A 35 year old gentleman whom hitherto have been well presented to a district hospital with complaints of chest pain that radiated to his left shoulder. He was admitted and treated for unstable angina where he received anticoagulant therapy and initiated on Dual Antiplatelet Therapy.
A week thereafter he had presented to a tertiary centre for persistent chest pain associated with non-productive cough for about a week. He also complains of loss of weight for about 1 year duration, however is unable to quantify objectively. Otherwise, he has no history of fever, loss of appetite, prolonged cough, haemoptysis or family history of malignancy.
In the emergency department, point of care ultrasound was done which revealed a large pleural effusion with fibrin over the left hemithorax. Pleural tapping was performed and 1 litre of haemoserous fluid was drained, which were exudative in nature. The patient also had several episodes of tachycardic rate uncontrolled atrial fibrillation. Whilst initially responding to Amiodarone, eventually he required cardioversion twice at 50J and 100J’s respectively.
Once stabilised a left pigtail catheter was inserted under radiological guidance and drained 1.5 litres of haemorrhagic effusion.
At this point the patient was subjected to a computed tomography (CT) of his thorax which revealed the presence of a large heterogenous mildly enhancing hypodense mass at the anterior mediastinum measuring about 20cm x 9.4cm x 11cm. There was contrast extravasation visible which may be indicative of active intratumoral haemorrhage. The mass appears to abut the pericardium forming an indentation with pericardial effusion raising the suspicion of tumour infiltration. Features of the imaging was suggestive of an anterior mediastinal mass with high suspicion of active intratumoural haemorrhage. Possibility of GCT, Lymphoma and invasive thymoma were all considered however Tumour markers for AFP (Alpha fetoprotein) were elevated at 818.1 IU/mL narrowing it down to GCT.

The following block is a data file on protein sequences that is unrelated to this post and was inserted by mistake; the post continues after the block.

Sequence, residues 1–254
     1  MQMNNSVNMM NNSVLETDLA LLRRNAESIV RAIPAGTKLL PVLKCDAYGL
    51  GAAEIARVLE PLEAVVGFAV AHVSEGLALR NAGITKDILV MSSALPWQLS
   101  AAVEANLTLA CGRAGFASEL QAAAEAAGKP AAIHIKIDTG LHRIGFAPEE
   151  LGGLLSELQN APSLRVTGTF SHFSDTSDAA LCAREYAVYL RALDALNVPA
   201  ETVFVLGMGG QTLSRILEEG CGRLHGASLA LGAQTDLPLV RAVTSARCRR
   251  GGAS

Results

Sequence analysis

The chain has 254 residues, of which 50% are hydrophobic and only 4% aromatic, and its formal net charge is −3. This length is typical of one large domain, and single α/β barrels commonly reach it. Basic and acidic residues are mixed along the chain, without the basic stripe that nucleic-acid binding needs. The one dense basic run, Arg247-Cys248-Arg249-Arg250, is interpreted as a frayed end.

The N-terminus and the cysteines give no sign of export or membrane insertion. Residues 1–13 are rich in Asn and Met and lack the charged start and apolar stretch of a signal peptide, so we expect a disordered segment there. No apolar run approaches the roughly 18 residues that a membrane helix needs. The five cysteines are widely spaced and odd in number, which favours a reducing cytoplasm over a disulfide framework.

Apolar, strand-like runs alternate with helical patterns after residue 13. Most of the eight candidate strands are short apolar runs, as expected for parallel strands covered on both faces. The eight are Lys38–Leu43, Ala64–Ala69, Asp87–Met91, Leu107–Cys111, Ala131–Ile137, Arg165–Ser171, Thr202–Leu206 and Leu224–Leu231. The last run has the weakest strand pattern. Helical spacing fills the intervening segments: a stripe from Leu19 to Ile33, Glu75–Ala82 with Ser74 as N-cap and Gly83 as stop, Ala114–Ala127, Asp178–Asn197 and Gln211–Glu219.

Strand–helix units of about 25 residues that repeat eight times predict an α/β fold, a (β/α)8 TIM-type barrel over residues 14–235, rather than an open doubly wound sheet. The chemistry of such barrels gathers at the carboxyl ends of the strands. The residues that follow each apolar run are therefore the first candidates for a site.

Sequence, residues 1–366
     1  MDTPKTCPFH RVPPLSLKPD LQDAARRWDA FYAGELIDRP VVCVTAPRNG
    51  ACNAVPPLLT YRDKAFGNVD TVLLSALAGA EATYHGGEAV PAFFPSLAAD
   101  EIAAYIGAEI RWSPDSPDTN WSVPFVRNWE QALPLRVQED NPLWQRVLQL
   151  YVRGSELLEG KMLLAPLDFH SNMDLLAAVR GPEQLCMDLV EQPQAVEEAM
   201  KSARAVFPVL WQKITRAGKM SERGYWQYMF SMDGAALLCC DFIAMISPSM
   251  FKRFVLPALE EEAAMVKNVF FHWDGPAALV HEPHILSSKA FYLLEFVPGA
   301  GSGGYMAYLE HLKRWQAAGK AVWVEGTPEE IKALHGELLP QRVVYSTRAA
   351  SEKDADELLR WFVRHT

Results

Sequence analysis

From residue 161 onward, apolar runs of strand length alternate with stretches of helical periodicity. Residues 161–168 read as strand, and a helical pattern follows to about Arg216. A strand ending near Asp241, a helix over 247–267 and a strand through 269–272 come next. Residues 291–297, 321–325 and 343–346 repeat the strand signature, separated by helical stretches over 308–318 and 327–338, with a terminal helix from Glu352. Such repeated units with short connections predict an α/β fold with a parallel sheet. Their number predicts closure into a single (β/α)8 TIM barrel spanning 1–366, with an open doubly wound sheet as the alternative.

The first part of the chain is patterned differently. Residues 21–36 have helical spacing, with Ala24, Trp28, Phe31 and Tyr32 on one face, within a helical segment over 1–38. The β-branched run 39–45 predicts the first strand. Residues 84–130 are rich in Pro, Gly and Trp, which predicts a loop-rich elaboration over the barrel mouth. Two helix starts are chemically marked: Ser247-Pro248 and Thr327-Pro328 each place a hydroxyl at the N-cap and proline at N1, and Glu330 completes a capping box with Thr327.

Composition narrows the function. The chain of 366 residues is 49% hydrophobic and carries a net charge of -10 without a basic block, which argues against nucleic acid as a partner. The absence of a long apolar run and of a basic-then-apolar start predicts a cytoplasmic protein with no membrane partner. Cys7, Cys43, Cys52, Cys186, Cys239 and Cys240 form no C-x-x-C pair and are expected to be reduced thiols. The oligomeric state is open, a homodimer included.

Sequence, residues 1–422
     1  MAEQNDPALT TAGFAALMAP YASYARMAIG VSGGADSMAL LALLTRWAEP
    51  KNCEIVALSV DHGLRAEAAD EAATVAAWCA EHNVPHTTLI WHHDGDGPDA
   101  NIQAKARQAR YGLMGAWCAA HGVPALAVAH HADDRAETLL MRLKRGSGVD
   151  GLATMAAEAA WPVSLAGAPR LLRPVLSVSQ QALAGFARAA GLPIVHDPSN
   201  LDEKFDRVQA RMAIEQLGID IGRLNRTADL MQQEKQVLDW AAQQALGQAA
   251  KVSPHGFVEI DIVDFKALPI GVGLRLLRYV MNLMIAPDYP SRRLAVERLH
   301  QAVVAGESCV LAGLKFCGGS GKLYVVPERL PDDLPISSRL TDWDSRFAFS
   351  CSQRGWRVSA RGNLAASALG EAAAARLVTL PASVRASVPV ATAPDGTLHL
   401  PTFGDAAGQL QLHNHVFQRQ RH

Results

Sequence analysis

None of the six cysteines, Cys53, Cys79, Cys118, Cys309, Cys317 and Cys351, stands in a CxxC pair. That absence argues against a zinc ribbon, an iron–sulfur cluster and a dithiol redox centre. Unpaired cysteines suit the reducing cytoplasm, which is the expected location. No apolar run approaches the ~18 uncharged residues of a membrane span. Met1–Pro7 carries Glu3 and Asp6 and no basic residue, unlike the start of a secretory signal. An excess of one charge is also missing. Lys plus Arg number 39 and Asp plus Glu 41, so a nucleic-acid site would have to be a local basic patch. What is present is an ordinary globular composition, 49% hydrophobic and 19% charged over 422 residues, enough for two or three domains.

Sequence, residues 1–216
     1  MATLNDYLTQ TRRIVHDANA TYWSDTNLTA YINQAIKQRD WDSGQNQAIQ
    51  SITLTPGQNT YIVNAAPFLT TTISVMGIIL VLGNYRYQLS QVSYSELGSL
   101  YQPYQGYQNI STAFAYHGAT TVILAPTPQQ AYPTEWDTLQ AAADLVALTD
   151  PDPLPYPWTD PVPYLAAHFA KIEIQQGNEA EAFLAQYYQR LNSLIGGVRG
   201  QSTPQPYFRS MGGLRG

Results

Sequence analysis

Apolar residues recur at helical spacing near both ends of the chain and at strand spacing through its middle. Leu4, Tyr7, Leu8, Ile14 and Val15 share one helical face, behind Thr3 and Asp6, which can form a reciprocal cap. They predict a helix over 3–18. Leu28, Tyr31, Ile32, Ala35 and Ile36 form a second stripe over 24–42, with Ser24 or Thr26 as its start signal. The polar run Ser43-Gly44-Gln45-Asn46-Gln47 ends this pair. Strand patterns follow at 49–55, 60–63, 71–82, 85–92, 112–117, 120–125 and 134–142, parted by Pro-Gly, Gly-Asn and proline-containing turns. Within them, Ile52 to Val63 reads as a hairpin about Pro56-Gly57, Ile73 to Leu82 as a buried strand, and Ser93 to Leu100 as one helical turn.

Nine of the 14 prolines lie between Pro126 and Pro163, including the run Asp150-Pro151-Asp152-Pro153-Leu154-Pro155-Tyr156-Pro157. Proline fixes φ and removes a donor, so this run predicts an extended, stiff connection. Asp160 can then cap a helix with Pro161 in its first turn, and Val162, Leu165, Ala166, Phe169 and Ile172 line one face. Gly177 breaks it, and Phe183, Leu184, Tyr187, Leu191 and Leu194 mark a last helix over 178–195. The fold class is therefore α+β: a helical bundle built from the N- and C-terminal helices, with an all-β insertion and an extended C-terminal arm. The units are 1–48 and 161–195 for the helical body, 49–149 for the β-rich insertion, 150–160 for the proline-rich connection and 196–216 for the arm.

At this point the patient was referred to our cardiothoracic centre for further management. At our centre the patient was counselled and planned for sternotomy and resection of the tumour. Intraoperatively, it was noted that the tumour was closely abutting the sternal bone which caused some bleeding upon the sternotomy. The large tumour measuring 10x20cm was densely adhered to the medial portion of left lung parenchyma and loosely adhered to the pericardium. The sheer mass had pushed the heart infero-laterally to the right, which was restored to its original position post tumour excision. En-bloc resection of the tumour together with the portion of tumour attached to lung parenchyma was resected and sent for histopathological examination.
The histopathological examination for the anterior mediastinal mass came back as mixed germ cell tumour. It was predominantly a immature teratoma, and a minor component of yolk-sac tumour. The resected let lung parenchyma showed positivity of malignancy as it was infiltrated by the yolk-sac component. Tumour markers showed an elevated AFP 818.1 IU/ml and BHCG 23.9 IU/L reading. The patient was planned for completion of staging via CT scan and started on chemotherapy with Bleomycin, Etoposide, and Platinum (BEP Regime) for 4 cycles.